New Foam-to-Foam Recycling Process Opens Doors to a Circular Economy for Key Plastics
Researchers discover how to dismantle and rebuild a common form of polyurethane
Researchers from Northwestern University and BASF are collaborating to rewrite the story of one of the world’s most common forms of plastic—polyurethane foam.
The durable material, found in everyday products from mattresses to shoes, has often been sent to landfills after use for lack of a better option. Now, with the discovery of a breakthrough, foam-to-foam recycling process that uses greener catalysts, polyurethane foam can continuously be repurposed into the future.
Plastic materials can be a part of a sustainable future when they are produced within a circular economy, according to William Dichtel, the Robert L. Letsinger Professor of Chemistry at Northwestern’s Judd A. and Marjorie Weinberg College of Arts and Sciences. “This discovery is a major step forward in terms of the circularity of polyurethane, which is a big part of all of our lives,” said Dichtel.
In a circular economy, the lifecycle of a product is never ending. After its initial production and service, the material is repurposed continuously through recycling or another method for use as a new product. For traditional polymer plastic recycling, the process involves melting the plastic and then casting it for a new use. However, that process cannot be applied to the more complex and durable crosslinked polymers that comprise polyurethane foam, which is also found in spray foam insulation, car interiors, and many types of apparel.
Rather, Dichtel and his team developed a method to recycle and reshape existing polyurethane foam products by embedding a new nontoxic zirconium-based catalyst into the material to reshape it at high temperature, ultimately allowing it to be made into a new plastic. The researchers also added a substance called a foaming agent that generates new gas bubbles that are encapsulated within the plastic as it changes shape. The process results in an old polyurethane foam, which would typically be used only once, to be recycled and transformed into a new foam part.
The implications of the discovery are global at scale. The technique might be applied to post-consumer polyurethane foam products or unused industrial scrap plastics.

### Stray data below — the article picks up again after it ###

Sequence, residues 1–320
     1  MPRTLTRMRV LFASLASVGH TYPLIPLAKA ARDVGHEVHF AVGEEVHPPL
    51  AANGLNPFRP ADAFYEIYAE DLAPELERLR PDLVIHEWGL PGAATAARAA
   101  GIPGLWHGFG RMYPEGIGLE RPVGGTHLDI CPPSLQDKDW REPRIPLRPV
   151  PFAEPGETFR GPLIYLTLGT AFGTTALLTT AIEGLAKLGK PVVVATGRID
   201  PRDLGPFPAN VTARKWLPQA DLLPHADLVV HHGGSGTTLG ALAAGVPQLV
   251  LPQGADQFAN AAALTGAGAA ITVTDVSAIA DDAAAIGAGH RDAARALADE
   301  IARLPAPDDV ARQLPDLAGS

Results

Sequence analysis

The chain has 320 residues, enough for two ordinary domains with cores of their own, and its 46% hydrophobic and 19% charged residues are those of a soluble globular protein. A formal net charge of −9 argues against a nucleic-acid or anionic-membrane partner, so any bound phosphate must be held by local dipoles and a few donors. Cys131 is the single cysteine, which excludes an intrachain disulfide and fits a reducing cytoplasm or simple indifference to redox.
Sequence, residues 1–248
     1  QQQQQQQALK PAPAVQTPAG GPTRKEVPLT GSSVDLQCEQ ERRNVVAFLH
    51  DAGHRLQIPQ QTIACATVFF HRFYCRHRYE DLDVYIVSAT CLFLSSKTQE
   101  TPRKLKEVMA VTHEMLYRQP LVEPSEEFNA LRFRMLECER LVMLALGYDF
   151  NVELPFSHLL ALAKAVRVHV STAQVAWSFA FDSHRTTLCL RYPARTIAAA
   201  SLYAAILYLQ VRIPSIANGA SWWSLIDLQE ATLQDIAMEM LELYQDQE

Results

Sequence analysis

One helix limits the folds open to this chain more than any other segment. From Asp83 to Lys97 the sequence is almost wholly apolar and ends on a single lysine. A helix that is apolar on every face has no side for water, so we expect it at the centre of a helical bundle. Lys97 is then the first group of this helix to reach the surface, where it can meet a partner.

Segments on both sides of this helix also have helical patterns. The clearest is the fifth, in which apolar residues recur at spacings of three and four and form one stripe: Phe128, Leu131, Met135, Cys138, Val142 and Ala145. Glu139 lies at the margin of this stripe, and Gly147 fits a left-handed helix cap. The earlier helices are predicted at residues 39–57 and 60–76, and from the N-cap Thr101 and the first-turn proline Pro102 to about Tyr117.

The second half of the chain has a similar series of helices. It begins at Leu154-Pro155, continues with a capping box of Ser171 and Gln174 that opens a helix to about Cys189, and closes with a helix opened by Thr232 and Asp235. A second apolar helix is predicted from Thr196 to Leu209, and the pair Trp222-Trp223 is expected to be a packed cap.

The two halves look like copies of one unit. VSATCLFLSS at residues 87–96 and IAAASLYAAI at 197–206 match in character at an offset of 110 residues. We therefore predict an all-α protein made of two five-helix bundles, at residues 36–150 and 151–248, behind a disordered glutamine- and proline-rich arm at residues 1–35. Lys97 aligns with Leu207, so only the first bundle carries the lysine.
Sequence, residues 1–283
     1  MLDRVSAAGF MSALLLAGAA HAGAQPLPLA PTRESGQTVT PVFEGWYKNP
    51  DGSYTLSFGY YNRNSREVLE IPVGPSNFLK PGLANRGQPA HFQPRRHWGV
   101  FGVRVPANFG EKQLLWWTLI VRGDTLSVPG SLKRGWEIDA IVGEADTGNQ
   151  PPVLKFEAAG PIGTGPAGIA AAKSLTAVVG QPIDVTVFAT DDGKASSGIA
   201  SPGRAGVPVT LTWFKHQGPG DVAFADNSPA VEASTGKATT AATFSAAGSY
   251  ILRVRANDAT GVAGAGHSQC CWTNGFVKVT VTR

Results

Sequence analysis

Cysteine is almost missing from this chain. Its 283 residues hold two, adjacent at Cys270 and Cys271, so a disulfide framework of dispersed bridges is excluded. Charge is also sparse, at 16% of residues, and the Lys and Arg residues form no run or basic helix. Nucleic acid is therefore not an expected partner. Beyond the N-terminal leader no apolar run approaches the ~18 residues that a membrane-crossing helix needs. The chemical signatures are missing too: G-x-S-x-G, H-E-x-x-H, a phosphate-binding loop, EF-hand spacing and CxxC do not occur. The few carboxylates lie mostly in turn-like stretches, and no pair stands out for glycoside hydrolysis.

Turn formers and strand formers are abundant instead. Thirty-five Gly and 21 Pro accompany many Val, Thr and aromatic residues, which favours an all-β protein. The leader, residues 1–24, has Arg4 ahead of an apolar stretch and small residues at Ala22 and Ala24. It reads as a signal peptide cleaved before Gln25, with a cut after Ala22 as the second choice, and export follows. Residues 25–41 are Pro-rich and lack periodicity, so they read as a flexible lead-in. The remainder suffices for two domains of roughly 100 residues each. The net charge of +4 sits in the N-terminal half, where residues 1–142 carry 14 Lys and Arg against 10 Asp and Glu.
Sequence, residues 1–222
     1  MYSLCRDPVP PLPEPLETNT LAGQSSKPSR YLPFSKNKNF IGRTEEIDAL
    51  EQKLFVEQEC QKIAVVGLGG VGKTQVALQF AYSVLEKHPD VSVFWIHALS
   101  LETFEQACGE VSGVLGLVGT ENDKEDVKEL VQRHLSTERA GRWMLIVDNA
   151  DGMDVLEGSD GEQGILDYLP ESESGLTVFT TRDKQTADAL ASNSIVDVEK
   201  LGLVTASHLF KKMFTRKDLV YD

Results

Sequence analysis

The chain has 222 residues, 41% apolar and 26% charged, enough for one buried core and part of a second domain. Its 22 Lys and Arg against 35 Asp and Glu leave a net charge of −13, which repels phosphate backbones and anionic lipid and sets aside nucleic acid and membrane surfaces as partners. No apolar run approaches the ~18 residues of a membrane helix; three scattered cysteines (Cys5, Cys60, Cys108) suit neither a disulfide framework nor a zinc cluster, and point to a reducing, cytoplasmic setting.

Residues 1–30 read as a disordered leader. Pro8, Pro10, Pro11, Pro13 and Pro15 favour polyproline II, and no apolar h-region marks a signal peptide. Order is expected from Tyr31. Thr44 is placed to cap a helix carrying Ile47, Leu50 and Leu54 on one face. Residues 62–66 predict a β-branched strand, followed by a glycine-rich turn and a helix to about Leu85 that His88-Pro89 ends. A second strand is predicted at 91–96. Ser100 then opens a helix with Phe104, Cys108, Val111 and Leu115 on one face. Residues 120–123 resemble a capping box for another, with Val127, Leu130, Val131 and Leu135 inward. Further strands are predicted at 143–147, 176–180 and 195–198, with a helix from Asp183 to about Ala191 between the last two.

“The types of polymers that require this catalyst approach are called thermosets, or crosslinked polymers,” said Dichtel, who is a faculty affiliate at the Paula M. Trienens Institute for Sustainability and Energy. "Thermosets are important because of their superior durability and stability, but these properties come at the expense of recyclability. New methods to recycle thermosets will reduce greenhouse emissions, save energy and decrease landfill use."
Polyurethane foam is one of the most extensively used plastics of this type. “A lot of them have the ability to hold on to gas bubbles for long periods of time. That’s what makes them so great as insulating materials,” he said.
The study, “Circular Reprocessing of Thermoset Polyurethane Foams,” was published online this week in Advanced Materials. Subeen Kim, a doctoral student in Dichtel’s laboratory and a summer research intern at BASF, is the paper’s first author.
The research was supported by the REMADE Institute, the National Science Foundation through the Center for Sustainable Polymers, and the NSF Graduate Research Fellowship Program. Funding from the REMADE Institute, a public-private partnership created by the U.S. Department of Energy, helped to launch the research collaboration between Northwestern and BASF in 2021.
The discovery builds on prior research by the team that outlined a way to essentially melt polyurethane foam into a solid plastic product. Although it was an important discovery, the result thus far has limited application and led to the question answered in this new study. Northwestern and BASF each bring a unique perspective to the research initiative, from laboratory insights to the potential application of the work by industry.
“The day-to-day research takes grit and tenacity, because you very rarely can follow a linear path to where you want to go,” said Dichtel. However, he notes that the work is “very fulfilling, and one of the best parts of my job is to do that and work with such talented students and collaborators.”
As a next step, the Northwestern team will partner with BASF to optimize and scale up the polyurethane foam recycling process for broad application.